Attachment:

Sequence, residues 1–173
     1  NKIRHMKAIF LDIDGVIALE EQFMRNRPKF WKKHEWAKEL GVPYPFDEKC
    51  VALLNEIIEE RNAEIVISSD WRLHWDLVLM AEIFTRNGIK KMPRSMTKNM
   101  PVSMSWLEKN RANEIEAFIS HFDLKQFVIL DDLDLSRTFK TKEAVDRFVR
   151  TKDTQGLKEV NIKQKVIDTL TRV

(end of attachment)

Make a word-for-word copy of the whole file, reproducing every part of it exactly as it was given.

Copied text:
Sequence, residues 1–173
     1  NKIRHMKAIF LDIDGVIALE EQFMRNRPKF WKKHEWAKEL GVPYPFDEKC
    51  VALLNEIIEE RNAEIVISSD WRLHWDLVLM AEIFTRNGIK KMPRSMTKNM
   101  PVSMSWLEKN RANEIEAFIS HFDLKQFVIL DDLDLSRTFK TKEAVDRFVR
   151  TKDTQGLKEV NIKQKVIDTL TRV